The White House, in a slightly more optimistic forecast, predicted Thursday the economy will log solid growth and unemployment will dip this year.
The Bush administration forecast that the gross domestic product will grow by 3.6 percent, as measured from the fourth quarter of last year to the fourth quarter of this year. That is a better than its previous forecast of a 3.4 percent increase for this year.
The upgraded forecast comes despite a rise in energy prices and mostly reflects the big growth spurt in the opening quarter of this year.
“We continue to see signs that the U.S. economy is strong,” Treasury Secretary John Snow said
For all of 2005, the economy expanded at a 3.2 percent pace.
Gross domestic product measures the value of all goods and services produced within the United States. It is considered the best barometer of the country’s economic standing.
The White House continues to predict solid economic growth in 2007 and 2008, at 3.3 percent of 3.2 percent respectively. Those forecasts are unchanged from previous estimates.
The administration’s new forecasts also predicted further improvement in the unemployment rate, which had edged down to 5.1 percent by the end of last year.
The White House now expects the jobless rate for all of 2006 to drop to 4.7 percent, compared with its previous forecast of 5 percent.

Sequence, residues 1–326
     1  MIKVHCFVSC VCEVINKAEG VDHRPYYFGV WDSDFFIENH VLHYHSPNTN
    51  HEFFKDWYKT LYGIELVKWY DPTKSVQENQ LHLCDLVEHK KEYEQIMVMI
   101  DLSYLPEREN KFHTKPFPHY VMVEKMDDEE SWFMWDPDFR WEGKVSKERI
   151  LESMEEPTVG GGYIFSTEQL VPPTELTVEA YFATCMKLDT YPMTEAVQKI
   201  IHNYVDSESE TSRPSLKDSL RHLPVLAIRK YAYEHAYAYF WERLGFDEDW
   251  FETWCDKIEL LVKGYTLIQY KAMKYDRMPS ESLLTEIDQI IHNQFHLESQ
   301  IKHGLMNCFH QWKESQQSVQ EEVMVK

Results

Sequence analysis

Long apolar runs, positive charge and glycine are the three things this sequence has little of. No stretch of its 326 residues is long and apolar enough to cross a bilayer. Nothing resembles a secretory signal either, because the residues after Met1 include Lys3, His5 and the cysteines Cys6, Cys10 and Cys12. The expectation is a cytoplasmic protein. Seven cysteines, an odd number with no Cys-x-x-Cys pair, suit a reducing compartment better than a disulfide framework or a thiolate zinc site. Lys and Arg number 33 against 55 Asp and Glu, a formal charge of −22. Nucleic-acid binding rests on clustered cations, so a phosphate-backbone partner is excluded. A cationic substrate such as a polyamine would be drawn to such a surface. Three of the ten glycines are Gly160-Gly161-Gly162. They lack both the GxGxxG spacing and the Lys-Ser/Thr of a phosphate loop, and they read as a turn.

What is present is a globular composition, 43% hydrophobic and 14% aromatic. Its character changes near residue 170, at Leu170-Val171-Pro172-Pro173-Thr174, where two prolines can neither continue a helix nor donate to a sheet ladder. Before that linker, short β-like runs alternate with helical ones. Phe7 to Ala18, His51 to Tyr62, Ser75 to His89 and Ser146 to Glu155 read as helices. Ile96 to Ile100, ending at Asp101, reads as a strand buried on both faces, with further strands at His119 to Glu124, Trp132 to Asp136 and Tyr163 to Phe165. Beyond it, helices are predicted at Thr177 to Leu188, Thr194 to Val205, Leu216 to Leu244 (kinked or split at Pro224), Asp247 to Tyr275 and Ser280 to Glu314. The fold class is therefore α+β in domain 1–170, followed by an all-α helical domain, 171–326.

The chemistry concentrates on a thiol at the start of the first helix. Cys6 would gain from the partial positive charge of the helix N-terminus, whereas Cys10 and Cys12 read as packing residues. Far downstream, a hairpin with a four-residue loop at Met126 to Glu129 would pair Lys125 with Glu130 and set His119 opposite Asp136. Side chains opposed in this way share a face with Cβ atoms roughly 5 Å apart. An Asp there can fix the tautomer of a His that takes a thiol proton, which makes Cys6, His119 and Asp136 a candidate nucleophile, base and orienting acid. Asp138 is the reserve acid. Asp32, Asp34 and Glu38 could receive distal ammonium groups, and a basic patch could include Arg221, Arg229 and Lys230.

But in 2007 the rate would inch up to 4.8 percent and to 4.9 percent in 2008, according to the new forecast. Still, that would be better than the old forecast, which had the jobless rates in 2007 and 2008 at 5 percent.
Inflation is projected to turn higher this year than thought six months ago.
Consumer prices are expected to rise by 3 percent this year, compared with a previous forecast of a 2.4 percent. That higher inflation forecast reflects the big jump in energy prices this year.
Oil prices hit a record high of more than $75 a barrel in late April; they settled at $70.35 a barrel on Thursday. Gasoline prices, which have marched higher, are above $3 a gallon in some areas.
Edward Lazear, chairman of the White House’s Council of Economic Advisers, told reporters he does not anticipate that high energy prices “will be a significant damper” on overall economic activity. He said he was aware that those higher prices have affected people “in significant ways,” from the cost of driving to heating their homes.
Inflation should calm down a bit over the next two years, rising by a more moderate 2.4 percent in 2007 and 2008, the White House said. That was the same as previously forecast.
These forecasts came out twice a year. The projections were developed mainly by a team from the Council of Economic Advisers, the Treasury Department and the Office of Management and Budget.
The administration’s new figures are largely in line with forecasts from private economists. “It all looks very reasonable,” said Joel Naroff, president of Naroff Economic Advisors.
Lazear also told reporters he was not overly worried about the stock market’s recent swoon.
“The market has been volatile in the last couple of weeks but volatility is not unusual in the stock market,” he said. “Seeing movement up and down is not unexpected, but obviously we like to see things move up. But again, we don’t think of this as being particularly alarming.”
Lazear expressed confidence that the economy, which grew at a 5.3 percent annual rate in the first quarter, will shift to a more moderate and sustainable pace. “All of the indications that we’ve seen are that we are moving to a soft landing,” he said.